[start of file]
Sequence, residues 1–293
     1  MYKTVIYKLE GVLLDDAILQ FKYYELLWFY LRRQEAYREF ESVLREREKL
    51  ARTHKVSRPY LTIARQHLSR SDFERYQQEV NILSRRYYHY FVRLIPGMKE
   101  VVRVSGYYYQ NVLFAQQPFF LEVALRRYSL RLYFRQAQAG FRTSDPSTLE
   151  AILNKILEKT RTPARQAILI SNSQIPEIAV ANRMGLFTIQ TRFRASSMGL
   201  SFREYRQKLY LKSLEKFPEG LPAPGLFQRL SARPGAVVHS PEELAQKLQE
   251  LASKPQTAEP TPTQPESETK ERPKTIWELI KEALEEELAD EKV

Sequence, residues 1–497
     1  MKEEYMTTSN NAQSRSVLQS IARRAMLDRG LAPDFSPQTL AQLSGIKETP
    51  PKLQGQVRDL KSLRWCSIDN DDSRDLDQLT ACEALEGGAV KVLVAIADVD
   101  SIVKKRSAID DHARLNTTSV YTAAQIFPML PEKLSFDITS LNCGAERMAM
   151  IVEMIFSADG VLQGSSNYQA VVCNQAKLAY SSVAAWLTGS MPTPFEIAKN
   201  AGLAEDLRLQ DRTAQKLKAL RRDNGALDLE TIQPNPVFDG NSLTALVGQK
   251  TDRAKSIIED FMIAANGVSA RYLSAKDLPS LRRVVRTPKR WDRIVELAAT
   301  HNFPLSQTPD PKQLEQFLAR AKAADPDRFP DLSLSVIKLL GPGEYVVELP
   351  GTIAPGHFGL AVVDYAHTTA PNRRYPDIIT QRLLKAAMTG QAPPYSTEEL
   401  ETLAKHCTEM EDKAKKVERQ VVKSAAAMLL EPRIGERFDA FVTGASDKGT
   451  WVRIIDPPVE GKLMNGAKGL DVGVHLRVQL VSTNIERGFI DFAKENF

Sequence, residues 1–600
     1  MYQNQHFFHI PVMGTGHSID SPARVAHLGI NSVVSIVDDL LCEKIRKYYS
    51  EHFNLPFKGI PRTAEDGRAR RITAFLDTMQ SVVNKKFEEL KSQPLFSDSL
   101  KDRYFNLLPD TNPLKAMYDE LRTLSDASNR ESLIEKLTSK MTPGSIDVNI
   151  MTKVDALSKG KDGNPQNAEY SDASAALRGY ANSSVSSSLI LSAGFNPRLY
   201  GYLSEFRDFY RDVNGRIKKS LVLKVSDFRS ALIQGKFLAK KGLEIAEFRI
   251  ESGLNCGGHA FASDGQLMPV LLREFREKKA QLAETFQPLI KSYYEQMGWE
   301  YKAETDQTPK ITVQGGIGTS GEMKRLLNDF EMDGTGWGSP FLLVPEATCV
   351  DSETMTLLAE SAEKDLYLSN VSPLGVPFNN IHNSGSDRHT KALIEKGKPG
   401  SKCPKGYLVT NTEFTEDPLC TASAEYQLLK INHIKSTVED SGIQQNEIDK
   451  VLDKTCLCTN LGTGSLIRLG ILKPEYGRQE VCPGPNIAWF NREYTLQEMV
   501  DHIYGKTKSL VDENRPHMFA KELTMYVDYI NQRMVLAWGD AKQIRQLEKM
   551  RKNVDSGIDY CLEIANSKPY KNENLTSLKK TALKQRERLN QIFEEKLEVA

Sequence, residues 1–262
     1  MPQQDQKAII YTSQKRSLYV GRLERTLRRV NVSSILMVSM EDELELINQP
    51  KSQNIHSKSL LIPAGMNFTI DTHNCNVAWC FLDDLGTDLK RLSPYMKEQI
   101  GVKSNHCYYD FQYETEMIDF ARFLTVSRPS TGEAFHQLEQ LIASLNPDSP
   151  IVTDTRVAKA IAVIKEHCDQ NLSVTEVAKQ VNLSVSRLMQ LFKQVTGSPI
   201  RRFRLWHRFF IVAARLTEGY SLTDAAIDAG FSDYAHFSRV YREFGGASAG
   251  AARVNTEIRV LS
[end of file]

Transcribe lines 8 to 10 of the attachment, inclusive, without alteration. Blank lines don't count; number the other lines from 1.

Sequence, residues 1–497
     1  MKEEYMTTSN NAQSRSVLQS IARRAMLDRG LAPDFSPQTL AQLSGIKETP
    51  PKLQGQVRDL KSLRWCSIDN DDSRDLDQLT ACEALEGGAV KVLVAIADVD